“There is no other program at MBH that loses more money,” Michael Abbatiello, senior vice president of operations and finance, told lawmakers in March.
The organization has said that if nothing changes by July 1, it will have to end its service entirely in 90 to 120 days.
Multisystemic therapy is “the treatment of choice for youth with conduct disorder,” said Sally Cooper, medical director for child and adolescent psychiatry at Spring Harbor Hospital in Westbrook, a division of Maine Behavioral Healthcare. But she couldn’t remember the last time a clinician trained in the therapy was available to help a patient.
“Sometimes, we try to make the referral, and we hear, ‘Yes, this is definitely a kid who would benefit, but we don’t have anything available for six to eight months,’” she said.
— At the start of this fiscal year, Tri-County Mental Health Services, based in Lewiston, had three multisystemic therapy teams: one in Androscoggin County, one in Oxford County, and one that served Cumberland and York counties. It shut down its Cumberland-York team this winter given year-after-year six-figure losses, “and we are going to need to consider whether we can sustain the remaining two teams,” said Executive Director Catherine Ryder.
“We believe in the service and the mission, but at some point you have to decide whether you’re going to keep your doors open or provide a service that continues to be a loss leader,” she said.
— Kennebec Behavioral Health, based in Waterville, had four teams 18 months ago but has since eliminated two, withdrawing the service from northern Penobscot, and parts of Franklin and Somerset counties, said Tom McAdam, chief executive officer. The organization previously served between 90 and 110 families a year; it’s now seeing half the number of clients. As of June 6, it had a dozen youth on its waitlist, though it is also accepting fewer referrals, many of which come from the Maine Department of Corrections.
It will likely have to cut more teams if the Medicaid reimbursement rates don’t change. “The net result financially is, we’re all just hemorrhaging cash,” McAdam said.
Malory Otteson Shaughnessy, executive director of Maine’s Alliance for Addiction and Mental Health Services, said she worries about the potential severe consequences of losing the intervention.
“Everyone has concerns about children’s mental health and school shootings, and yet here’s a service that truly works that we’re losing. It’s just horrifying,” she said.
‘I was still going to be bad’
More than a decade ago, the Division of Juvenile Services within the Maine Department of Corrections helped spread the use of multisystemic therapy and a similar program, functional family therapy, as part of a strategy to reduce reoffense rates and improve public safety. By contracting with local agencies across the state and financially supporting their work, it was able to offer alternatives to incarceration.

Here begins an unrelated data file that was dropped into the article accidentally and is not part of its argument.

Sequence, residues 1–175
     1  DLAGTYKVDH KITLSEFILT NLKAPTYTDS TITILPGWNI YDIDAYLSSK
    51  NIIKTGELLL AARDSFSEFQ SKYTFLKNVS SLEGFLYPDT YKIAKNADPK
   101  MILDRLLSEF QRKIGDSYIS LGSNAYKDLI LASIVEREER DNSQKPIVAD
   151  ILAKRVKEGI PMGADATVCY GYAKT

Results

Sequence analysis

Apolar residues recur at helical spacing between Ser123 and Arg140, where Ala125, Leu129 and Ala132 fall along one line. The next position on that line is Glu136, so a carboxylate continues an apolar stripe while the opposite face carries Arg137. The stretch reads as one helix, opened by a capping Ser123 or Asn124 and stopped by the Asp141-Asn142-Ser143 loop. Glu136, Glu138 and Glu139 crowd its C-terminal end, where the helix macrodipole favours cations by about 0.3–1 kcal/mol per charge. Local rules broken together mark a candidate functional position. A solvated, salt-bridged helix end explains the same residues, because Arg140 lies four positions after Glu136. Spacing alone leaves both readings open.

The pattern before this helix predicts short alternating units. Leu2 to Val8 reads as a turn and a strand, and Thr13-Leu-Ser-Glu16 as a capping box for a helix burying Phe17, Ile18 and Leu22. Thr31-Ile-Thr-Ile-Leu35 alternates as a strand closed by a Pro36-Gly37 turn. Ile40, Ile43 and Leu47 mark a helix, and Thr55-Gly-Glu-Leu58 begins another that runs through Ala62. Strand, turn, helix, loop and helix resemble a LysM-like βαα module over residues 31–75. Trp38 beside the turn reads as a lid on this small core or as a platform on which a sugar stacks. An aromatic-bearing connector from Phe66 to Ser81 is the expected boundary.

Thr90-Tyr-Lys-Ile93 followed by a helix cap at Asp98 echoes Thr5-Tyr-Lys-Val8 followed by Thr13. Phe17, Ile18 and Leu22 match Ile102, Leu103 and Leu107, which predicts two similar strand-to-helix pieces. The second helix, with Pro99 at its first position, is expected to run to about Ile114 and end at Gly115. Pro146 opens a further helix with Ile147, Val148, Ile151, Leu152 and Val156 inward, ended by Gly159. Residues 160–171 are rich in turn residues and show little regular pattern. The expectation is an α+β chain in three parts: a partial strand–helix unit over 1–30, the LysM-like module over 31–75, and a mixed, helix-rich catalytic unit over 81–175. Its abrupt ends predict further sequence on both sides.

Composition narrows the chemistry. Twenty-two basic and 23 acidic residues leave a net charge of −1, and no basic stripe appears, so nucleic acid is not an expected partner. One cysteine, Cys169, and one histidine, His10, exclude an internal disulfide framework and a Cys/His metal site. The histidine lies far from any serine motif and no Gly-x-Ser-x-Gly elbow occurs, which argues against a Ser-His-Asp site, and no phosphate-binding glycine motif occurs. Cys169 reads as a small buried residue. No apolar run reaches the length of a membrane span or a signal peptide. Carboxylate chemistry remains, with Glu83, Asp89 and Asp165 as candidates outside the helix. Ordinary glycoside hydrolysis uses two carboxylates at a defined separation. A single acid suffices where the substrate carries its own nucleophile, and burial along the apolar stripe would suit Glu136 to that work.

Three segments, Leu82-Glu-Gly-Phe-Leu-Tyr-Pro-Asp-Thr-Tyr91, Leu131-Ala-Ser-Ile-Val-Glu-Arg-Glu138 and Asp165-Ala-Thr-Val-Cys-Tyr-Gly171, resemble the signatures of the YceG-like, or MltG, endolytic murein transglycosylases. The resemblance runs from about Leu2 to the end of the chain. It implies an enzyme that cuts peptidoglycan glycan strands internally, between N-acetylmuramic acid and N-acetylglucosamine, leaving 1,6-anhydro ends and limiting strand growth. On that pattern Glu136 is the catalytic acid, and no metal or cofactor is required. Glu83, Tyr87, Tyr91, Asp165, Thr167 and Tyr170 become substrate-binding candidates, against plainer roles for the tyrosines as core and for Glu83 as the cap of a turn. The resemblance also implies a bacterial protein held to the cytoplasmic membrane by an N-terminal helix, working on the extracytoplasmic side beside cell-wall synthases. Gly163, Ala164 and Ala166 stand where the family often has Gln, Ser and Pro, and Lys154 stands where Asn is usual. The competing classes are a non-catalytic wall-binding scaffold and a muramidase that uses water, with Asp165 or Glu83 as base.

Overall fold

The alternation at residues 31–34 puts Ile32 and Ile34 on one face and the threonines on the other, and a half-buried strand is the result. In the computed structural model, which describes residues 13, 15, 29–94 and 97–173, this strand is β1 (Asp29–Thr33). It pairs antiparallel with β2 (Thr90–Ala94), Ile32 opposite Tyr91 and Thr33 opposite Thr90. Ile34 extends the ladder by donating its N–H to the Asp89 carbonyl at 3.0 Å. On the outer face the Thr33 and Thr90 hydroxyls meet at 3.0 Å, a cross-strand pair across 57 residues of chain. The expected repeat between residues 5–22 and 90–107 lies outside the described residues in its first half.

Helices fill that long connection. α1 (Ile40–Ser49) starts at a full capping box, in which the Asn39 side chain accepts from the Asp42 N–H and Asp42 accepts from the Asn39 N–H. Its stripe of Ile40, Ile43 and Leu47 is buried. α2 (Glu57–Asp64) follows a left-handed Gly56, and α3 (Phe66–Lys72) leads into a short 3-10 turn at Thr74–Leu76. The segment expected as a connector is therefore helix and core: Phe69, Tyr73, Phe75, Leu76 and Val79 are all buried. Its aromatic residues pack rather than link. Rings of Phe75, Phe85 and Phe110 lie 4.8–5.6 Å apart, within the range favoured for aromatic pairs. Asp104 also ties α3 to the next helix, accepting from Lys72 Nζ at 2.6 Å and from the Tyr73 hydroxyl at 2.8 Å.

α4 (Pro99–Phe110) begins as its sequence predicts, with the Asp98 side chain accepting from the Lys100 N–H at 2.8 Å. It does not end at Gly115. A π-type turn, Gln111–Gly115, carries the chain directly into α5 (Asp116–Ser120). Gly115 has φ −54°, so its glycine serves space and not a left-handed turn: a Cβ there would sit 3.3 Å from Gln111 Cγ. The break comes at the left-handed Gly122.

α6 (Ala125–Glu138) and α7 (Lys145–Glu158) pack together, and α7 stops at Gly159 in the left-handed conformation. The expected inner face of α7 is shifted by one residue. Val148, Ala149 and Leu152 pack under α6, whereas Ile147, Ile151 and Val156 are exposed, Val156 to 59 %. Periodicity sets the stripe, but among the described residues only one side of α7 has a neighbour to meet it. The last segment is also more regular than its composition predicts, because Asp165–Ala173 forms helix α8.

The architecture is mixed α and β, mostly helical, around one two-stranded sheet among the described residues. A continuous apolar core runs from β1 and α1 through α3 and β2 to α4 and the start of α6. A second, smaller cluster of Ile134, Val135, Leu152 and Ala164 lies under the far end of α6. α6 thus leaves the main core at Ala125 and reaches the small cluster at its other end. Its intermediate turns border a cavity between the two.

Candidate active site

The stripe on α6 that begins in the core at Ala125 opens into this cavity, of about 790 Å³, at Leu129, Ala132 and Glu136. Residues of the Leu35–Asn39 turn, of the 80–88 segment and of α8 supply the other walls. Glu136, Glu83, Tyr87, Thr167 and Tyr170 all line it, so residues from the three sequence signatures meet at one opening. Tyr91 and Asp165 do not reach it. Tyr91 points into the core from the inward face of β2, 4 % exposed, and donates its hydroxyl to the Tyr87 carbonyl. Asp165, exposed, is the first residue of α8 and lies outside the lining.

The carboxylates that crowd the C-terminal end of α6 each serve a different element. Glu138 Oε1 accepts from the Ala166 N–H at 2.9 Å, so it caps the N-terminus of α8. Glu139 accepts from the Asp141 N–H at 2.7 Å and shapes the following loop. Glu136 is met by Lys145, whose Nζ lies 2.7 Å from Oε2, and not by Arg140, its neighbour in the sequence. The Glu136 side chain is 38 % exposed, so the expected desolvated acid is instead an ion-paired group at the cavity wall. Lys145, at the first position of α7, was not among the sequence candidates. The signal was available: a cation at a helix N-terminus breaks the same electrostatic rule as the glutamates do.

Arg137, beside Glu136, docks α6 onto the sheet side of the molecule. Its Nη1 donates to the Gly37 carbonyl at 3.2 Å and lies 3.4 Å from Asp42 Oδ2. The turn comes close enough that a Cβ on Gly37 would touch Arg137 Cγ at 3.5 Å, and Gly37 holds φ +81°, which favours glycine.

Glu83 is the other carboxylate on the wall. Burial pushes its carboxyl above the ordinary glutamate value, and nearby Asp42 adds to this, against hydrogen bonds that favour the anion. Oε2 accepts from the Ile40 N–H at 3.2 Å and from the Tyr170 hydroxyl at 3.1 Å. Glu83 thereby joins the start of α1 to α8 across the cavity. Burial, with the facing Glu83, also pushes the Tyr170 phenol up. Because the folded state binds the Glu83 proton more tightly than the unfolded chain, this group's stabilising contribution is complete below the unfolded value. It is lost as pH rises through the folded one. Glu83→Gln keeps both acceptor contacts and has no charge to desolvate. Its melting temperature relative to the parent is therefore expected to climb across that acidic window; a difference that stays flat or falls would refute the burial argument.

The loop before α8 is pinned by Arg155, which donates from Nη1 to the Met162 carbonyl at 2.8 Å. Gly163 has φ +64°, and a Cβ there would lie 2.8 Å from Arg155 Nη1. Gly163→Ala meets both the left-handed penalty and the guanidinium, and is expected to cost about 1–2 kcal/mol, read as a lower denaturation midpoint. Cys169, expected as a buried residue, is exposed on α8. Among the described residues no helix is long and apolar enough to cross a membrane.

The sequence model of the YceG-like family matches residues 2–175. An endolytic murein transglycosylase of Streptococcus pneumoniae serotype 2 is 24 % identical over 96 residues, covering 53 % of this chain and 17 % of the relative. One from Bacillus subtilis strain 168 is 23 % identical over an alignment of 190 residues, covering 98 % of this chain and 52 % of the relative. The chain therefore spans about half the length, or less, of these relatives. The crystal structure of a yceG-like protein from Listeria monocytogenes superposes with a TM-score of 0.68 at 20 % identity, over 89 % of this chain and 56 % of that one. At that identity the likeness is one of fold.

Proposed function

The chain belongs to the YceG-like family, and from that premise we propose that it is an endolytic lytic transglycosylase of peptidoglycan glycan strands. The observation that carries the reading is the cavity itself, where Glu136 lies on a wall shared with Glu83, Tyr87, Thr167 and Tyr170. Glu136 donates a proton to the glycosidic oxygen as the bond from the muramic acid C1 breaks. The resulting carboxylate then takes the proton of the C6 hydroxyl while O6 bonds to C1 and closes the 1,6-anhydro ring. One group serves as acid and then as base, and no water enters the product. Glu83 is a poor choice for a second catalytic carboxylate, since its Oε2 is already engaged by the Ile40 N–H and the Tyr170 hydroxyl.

In 2011, Maine ranked third among the states for its number of family therapy teams per million people, according to the Association for the Advancement of Evidence-Based Practice.
The Department of Corrections still supports the treatment — it helps the organizations cover uninsured clients and pays for some specialized staff training — but the bulk of funding for multisystemic therapy comes from the agencies billing for reimbursement from MaineCare. For instance, in 2017, 89 percent of payments for Tri-County’s multisystemic therapy program came from MaineCare, and 11 percent came from the Department of Corrections.
The current MaineCare rate is $31.07 per quarter hour. However it actually costs about $41 per quarter hour to deliver the care, according to the agencies. In Nebraska, the rate is $38.24; in Washington D.C. it is $51.96; and in Delaware it’s $48.75.
“In spite of all [the Department of Corrections’] generosity and commitment to this program, we have not been able to sustain it because the standard reimbursement rate received from MaineCare is not adequate,” said Ryder, who is also president of the Alliance for Addiction and Mental Health Services.
Though MaineCare rates don’t cover providers’ costs and lag national reimbursements, a consultant for the Maine Department of Health and Human Services in 2016 recommended cutting multisystemic therapy payments even further, to $25.07 per quarter hour. Payment for the therapy targeted to sexual offenders would have dropped to $25.62 per quarter hour from $38.73.
The reductions drew strong objections, prompting DHHS to keep the rates at their current levels “in the interest of continuing to support evidence-based treatments,” the department said in a document summarizing its responses to public comments on the rate changes.
DHHS has declined to raise the rates, however. A spokeswoman didn’t immediately reply to a request for comment.
A bill, LD 1868, passed by lawmakers in April would have temporarily boosted the rate 20 percent while the state conducted a rate study to determine what MaineCare should be paying, but the bill awaits funding. What happens to the legislation will depend on whether lawmakers reconvene after they adjourned May 2 without finishing their work.